"I honestly cannot understand how people who claim to love the Lord can be content without practicing His presence. For there is nothing in the world sweeter or more delightful than a continual conversation with God."

I believe that what Brother Lawrence calls, "practicing the presence of God" is what the Bible calls "abiding in Christ."

John 15:1-3 (NKJV) "I am the true vine, and My Father is the vinedresser. 2 "Every branch in Me that does not bear fruit He takes away; and every branch that bears fruit He prunes, that it may bear more fruit. 3 "You are already clean because of the word which I have spoken to you.

Jesus uses "clean" here in the sense that they had been cleansed of their sin, they were Christians. We know this from his use of this same word "clean" in chapter 13:

John 13:10 (NKJV) Jesus said to him, "He who is bathed needs only to wash his feet, but is completely clean; and you are clean, but not all of you."

Here he says that not all of them were clean, because Judas was with them. So, clean refers to salvation. Jesus is talking to Christians when he says:

John 15:4 (NKJV) "Abide in Me, and I in you. As the branch cannot bear fruit of itself, unless it abides in the vine, neither can you, unless you abide in Me.

It is to those who have trusted in Him that Christ says, "Abide in Me." To be a Christian and to abide in Christ are two different things. "Abide in me" is the active voice. That is something we are expected to do. We initiate that. The word, "abide" is the simple word, "remain." "Stay with me," he is saying. "Keep close to me." In other places, it is the word, "Follow me," "do what I say," "obey my commands." Christians are exhorted to abide in Christ, because this privilege and duty may be neglected, and very often is.

"And I in you." The implication is, "Let me abide in you." That is passive. It is not something we can initiate, but something we can expect to happen and trust God for.

To abide is to have fellowship with Christ, to walk closely with Him, it is to walk in communion with him, it is what Brother Lawrence calls, "practicing the presence of God."

Abiding in Christ has the same result as being in His presence that we saw in Psalm 16:11 - joy:

John 15:11 (NKJV) "These things I have spoken to you, that My joy may remain in you, and that your joy may be full.

Believers, we are called to "abide" in Him, to daily practice His presence. How do we do this? How do we abide in God's presence? Brother Lawrence said,

"Remember what I advised you to do: Think about God as often as you can, day and night, in everything you do. He is always with you. Just as you would be rude if you left a friend who was visiting you alone, why abandon God and leave Him alone?"

In the beginning, Brother Lawrence declared that a little effort was needed to form the habit of continuously conversing with God, telling Him everything that was happening. But after a little careful practice, God's love refreshed him, and it all became quite easy. "Do not forget Him! Think of Him often; adore Him ceaselessly; live and die with Him. That is the real business of a Christian."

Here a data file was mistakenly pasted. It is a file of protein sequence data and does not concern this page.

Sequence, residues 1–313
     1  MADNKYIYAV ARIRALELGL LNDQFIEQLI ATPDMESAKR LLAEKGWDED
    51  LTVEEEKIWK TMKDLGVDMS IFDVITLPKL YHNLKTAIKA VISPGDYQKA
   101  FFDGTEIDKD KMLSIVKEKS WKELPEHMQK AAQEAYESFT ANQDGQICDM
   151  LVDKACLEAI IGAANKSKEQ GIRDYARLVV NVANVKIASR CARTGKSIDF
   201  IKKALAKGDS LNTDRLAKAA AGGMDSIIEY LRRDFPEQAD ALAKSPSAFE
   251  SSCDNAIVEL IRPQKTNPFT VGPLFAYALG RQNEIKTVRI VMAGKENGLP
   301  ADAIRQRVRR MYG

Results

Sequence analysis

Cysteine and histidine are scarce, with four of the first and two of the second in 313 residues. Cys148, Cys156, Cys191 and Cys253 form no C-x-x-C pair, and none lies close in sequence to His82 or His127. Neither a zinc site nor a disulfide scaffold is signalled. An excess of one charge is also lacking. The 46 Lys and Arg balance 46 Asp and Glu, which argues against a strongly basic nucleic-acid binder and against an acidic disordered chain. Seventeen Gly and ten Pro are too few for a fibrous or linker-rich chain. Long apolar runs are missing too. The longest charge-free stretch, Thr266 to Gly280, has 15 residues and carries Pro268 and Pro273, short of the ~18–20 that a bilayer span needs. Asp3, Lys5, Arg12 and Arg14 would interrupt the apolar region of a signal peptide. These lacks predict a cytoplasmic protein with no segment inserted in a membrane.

Whatever it is that you do with the majority of your time - whether you're a businessman, a student, a homemaker, or whatever else it may be - God wants to be part of it. We see this truth in Psalm 127. Listen to what the Psalmist says:

Psalms 127:1 (NKJV) Unless the LORD builds the house, They labor in vain who build it; Unless the LORD guards the city, The watchman stays awake in vain.

This Psalm is saying, "Whatever it is you have to do, God wants to be involved." If you've got a house to build, God wants to build it. If you've got a city to watch, God wants to guard it. You've got a business to run, he wants to run it. You've got a family to take care of, he wants to be the Lord of your home.

Whatever it is you do, God wants to be involved; he wants to be in charge. There's nothing about your life that is unimportant to him.

Sometimes we may wonder, "Is God really concerned whether or not I make this sale? Is God really concerned whether or not I meet this deadline? Is God really concerned about whether or not I make a good grade on this test?" The answer is, always, "Yes!"

He wants to be involved in every aspect of your life - and not only involved; he wants to be in charge. Whatever it is you have to do, he wants you to do it his way. There's a good reason for this: His way is always the best way.

So, as we approach our responsibilities in life, we are to surrender them to his control. We're to say, "God, I'm giving you control of my business; build it for your glory. God, I'm giving you control of my marriage, I'm giving you control of my family; build us together for your glory. God I'm giving you control of my future; build it for your glory."